Tom Herman's suggestion to fix adjust IAWP rule that has upset some coaches
Posted by: Chris Vannini on Thursday April 20, 2017
Of the new rules adopted by the NCAA Division I Council last week, the limits on hiring individuals associated with a prospect have drawn the most backlash by coaches — especially when it comes to working camps.
The rule doesn’t just involved hiring coaches to a staff. It includes hiring them for a camp, and that can cause some problem when you have camps with hundreds of kids. On the Big 12 coaches teleconference, Tom Herman said he understood the reason for the rule, but said this wasn't the way to fix it.
“I think the intent is good,” he said. “We shouldn’t be like basketball was before this rule where coaches can hire AAU coaches for $300,000 a year to be a video analyst or whatever was going on. But there needs to be a case-by-case analysis of it, rather than throw a blanket on the entire sport.
“We’ll have upwards of 500 kids for our one-day camp. In previous years, we’ve paid high school coaches whatever it is, 200 bucks, to come help us coach and manage these kids, and for these kids to get quality instruction, and now we can’t do that if there are any recruits at that coach’s school. Same with our high school (coaches) clinic. We had the most-attended high school camp in the history of the University of Texas football, we had two high school coaches speaking, two state champions, and now we won’t be able to do that. We can’t even employ them on a volunteer basis.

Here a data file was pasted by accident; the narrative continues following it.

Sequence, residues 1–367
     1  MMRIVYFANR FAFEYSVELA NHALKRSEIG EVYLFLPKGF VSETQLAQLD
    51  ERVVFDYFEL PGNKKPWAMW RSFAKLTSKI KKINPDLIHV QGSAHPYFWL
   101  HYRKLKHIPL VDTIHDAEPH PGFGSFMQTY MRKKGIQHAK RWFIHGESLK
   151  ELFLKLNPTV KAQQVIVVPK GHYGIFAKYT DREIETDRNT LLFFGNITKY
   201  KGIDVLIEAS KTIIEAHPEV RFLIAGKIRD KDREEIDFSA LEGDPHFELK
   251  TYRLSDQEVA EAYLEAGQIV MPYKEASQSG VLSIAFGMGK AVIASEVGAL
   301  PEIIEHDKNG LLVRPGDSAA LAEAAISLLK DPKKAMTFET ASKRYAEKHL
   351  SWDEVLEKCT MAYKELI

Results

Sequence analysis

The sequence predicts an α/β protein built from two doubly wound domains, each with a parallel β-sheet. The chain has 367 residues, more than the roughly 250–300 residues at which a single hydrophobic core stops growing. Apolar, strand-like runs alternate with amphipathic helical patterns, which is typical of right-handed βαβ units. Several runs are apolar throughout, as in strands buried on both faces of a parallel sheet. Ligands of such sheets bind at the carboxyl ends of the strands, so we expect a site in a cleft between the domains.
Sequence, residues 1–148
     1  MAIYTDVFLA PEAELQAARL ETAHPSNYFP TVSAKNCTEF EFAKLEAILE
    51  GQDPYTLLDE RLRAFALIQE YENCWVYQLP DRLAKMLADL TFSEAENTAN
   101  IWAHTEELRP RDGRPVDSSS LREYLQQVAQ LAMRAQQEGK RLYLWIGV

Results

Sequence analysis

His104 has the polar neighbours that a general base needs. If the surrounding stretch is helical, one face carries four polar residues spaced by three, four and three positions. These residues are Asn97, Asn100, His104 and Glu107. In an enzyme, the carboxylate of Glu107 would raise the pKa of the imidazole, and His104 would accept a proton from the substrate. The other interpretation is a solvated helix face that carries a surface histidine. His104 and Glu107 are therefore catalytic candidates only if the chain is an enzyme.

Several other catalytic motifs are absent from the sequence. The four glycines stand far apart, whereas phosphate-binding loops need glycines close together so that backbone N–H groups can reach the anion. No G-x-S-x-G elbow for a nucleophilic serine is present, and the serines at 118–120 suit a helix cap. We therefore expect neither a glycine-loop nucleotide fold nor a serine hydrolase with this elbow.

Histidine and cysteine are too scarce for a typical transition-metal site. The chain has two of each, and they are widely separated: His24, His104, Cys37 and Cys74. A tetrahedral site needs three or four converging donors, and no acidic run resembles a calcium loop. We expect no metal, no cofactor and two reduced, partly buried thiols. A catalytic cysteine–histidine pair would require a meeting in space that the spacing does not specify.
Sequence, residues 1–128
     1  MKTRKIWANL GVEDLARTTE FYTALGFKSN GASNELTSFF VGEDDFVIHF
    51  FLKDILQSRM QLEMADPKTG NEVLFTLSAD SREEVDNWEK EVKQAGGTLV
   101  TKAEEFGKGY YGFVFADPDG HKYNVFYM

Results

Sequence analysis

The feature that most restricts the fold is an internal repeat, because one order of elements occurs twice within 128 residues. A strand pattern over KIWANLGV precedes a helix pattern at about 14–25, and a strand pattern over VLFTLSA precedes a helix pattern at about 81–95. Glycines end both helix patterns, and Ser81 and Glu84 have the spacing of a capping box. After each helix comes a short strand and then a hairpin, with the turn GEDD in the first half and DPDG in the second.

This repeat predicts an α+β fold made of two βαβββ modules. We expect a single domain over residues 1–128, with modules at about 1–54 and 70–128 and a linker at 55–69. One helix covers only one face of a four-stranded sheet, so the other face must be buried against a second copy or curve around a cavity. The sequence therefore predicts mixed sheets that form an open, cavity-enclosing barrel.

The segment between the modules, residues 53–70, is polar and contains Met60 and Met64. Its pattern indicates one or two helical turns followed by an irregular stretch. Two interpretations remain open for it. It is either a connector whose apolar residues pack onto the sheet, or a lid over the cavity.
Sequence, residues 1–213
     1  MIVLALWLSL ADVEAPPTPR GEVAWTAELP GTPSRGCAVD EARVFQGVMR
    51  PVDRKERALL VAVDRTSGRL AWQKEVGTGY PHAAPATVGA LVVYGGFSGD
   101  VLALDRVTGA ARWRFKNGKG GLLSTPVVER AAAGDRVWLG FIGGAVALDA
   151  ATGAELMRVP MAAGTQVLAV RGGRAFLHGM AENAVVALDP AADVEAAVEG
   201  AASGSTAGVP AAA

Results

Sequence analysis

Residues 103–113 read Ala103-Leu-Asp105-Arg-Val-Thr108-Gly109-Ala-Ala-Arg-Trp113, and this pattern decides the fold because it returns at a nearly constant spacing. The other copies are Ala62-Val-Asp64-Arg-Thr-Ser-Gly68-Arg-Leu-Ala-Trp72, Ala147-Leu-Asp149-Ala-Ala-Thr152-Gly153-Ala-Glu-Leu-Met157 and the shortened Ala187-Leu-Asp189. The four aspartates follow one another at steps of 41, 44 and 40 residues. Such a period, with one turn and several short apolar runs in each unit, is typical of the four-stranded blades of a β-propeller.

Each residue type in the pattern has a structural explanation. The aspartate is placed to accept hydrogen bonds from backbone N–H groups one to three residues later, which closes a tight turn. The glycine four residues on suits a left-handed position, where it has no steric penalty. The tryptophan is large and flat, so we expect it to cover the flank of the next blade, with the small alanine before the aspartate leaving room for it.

“The rule is well-intended, but the NCAA has seem some of these extreme things going on, and instead of attacking the extreme and deal with the other ones that are perfectly OK separately, we’ve attacked the entire system and thrown a blanket over it that affects a lot of high school coaches in a negative way.”
Asked what he would change about the IAWP rule, Herman pointed to camps first. If the NCAA is worried about colleges paying the high school coaches, set a cap on how much you can pay them.
“I think the camps and clinics would be the first thing. Make it exempt,” he said. “If you want to put a cap on it, put a cap on it. Maybe $500, $400 appearance per school anywhere you go to help coach. Something that’s not outrageous, but something that is worth the coach’s time to come on a Saturday and help you.
“Camps and clinics, we should be able to pay a nominal fee and not worry about if they have recruits at their school or not, whether they have a relationship with recruits or not.”
Herman also said that, based on his interpretation, hiring an off-field staffer from another school could also fall under the IAWP designation. That would create a world of problems for staffers.
Between that and talk of limiting the size of a support staff, labor laws could come into play down the road, like it did with the restricted-earnings positions years ago.
“What hurts, too, and I’d be surprised if we don’t see a labor lawsuit filed against the NCAA at some point, because if my director of player personnel leaves and I want to hire Texas Tech’s director of player personnel, I can’t, because he has a relationship with thousands of recruits that would deem those ineligible to participate at the University of Texas,” Herman said.
“To say to a person in a support staff role as a career and now allow them upward mobility in their job, you’re talking about federal labor laws now, not just NCAA rules.”